Distributed systems—Multiple people from various teams typically manage distributed design systems and utilize it for their daily tasks. These systems have a better chance of adoption because most of its users have been directly involved in its development.
How to Create a Design System?
Developing a design system can be daunting, especially if you lack technical expertise. However, the insights that I’ll share next can help you create a design system, using the following six-step process.
1. Define Your Brand.
Define your brand before proceeding with the development of your design system. Consider some key elements such as business values, visual identity, and brand messaging. These design decisions should be based on your brand and be implemented in your newly created design system. Thus, you must first define your brand and establish a guide that portrays the key elements of your brand.
2. Identify Your Components.
Numerous UI design elements comprise a design system—for example, typography, buttons, and forms. Identify the various attributes that you need to utilize in your designs. Next, make a list of these components. Determining every UI component in the design system helps you to work in an organized manner and ensures consistency across your designs.
3. Establish Guidelines for the Components.
Create guidelines that illustrate how all the UI elements should appear and work. Consider details such as typography, color, behaviors, and spacing. Plus, you can leverage visual explanations and examples to help others understand these guidelines better. There must be clarity when creating design guidelines, leaving no room for doubt or confusion.
4. Create the Design-System Library.
Once you’ve established your design guidelines, the next step involves creating a design-system library. This should comprise all the guidelines and components you decided to create earlier. You can leverage an efficient design tool such as Figma, shown in Figure 1, or Sketch in creating this library of components. Base Web is also an effective UI framework that can aid your design-system creation process.
You can then build reusable templates and components and use them across your designs. Also, be sure to organize your design-system library conveniently—for instance, either by design pattern or component type.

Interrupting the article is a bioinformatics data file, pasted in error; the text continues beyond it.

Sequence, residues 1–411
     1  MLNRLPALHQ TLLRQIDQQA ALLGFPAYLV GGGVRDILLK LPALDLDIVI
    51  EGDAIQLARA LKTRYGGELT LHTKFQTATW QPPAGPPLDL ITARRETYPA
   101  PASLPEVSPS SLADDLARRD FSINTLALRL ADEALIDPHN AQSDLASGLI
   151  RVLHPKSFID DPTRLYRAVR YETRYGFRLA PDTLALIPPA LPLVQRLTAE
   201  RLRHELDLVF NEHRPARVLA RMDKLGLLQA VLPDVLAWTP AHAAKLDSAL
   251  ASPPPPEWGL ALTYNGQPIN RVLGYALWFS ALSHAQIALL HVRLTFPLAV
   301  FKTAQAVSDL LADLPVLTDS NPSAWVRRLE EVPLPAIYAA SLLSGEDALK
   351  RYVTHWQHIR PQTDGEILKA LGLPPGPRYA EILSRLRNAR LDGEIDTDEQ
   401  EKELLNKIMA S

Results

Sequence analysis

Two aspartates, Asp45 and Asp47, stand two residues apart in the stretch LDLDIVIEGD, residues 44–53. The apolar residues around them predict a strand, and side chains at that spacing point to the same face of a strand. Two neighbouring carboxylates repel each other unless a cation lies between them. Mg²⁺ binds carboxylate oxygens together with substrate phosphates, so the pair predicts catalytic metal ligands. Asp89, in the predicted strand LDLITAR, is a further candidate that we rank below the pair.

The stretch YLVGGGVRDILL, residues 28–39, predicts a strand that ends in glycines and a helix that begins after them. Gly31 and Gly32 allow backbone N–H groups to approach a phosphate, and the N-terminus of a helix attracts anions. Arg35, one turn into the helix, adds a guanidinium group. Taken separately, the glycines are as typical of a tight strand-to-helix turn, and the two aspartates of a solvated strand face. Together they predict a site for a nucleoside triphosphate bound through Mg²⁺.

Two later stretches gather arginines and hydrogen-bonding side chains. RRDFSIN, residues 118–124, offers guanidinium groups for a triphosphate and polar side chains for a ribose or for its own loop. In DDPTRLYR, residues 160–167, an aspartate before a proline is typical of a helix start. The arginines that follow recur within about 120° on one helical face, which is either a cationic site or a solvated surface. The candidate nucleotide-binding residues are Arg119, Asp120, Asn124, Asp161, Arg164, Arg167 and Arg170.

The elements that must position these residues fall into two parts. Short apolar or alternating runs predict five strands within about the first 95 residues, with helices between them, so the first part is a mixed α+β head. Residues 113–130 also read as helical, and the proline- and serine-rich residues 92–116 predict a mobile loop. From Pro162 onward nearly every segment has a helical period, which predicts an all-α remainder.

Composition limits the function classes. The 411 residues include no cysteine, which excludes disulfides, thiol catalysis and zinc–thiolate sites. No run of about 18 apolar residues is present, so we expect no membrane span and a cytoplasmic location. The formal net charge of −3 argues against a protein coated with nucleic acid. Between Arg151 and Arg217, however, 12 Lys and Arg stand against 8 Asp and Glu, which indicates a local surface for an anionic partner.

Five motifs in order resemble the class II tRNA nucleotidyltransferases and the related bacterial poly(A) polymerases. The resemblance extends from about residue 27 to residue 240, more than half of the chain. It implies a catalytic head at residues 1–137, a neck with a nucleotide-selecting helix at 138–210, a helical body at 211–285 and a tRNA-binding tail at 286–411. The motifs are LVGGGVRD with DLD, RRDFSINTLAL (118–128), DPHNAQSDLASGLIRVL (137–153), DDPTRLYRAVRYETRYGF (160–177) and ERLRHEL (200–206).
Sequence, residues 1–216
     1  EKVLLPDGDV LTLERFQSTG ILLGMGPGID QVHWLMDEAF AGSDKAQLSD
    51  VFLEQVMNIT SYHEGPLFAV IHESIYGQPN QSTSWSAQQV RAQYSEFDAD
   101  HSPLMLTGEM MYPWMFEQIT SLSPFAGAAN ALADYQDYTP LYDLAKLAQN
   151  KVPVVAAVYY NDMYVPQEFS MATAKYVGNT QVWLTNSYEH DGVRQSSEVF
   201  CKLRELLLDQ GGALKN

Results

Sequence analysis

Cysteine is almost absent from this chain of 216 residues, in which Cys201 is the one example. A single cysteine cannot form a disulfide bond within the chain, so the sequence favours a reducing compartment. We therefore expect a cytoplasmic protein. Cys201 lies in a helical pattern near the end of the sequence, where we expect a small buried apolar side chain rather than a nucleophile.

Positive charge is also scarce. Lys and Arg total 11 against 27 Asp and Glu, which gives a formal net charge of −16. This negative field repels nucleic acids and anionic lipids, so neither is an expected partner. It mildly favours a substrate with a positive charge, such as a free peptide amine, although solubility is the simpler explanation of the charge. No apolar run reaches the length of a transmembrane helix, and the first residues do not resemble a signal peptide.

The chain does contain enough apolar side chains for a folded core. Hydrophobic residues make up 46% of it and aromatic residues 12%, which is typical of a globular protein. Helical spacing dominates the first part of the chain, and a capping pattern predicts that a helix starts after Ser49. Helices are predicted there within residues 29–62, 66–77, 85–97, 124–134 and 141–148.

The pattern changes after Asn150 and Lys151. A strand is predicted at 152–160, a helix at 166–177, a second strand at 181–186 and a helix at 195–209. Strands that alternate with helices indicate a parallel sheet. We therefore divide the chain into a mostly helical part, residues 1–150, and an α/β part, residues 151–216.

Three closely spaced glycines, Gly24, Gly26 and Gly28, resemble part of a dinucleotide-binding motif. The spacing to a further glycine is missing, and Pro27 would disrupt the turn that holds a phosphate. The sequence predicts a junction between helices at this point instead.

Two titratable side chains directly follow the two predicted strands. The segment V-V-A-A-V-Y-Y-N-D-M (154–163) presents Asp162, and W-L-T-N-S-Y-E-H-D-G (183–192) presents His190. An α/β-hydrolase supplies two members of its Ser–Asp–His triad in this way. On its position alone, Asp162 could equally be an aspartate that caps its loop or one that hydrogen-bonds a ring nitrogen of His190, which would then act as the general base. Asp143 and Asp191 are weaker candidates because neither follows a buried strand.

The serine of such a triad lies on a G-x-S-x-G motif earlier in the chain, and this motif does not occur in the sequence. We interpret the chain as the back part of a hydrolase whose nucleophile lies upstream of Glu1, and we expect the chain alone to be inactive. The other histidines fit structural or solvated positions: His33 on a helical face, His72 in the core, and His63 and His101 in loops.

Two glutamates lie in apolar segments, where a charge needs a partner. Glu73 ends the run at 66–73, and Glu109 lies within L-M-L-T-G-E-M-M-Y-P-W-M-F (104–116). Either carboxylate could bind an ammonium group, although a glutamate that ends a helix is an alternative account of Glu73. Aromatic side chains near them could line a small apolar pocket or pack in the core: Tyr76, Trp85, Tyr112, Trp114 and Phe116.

5. Test and Iterate the Design System.
You can always change or modify your design system. So test the system, then repeat the iterative design and testing process as necessary. Obtain feedback from stakeholders and staff to ensure that the system works perfectly and serves its purpose well. Usability testing and analytics are helpful here. They can help you to recognize the scope of necessary improvements and in making the modifications to the design system.
6. Maintain the Design System.
Efficient maintenance should be among your top priorities for your design system’s continued success. When you produce new designs, update guidelines, or implement additional components, ensure that you update the design-system library. You must review your design system frequently to ensure that it stays up to date and continues to make your design process more efficient.
Building an efficient design system may initially seem overwhelming. But by paying close attention to design details and through meticulous planning, you can bring consistency to your designs and make your design process more efficient.
A design system is a collection of reusable UI elements and components. There are six types of design systems that designers can leverage for their purposes. Consider creating and using a design system to make your design and development efforts more efficient and effective.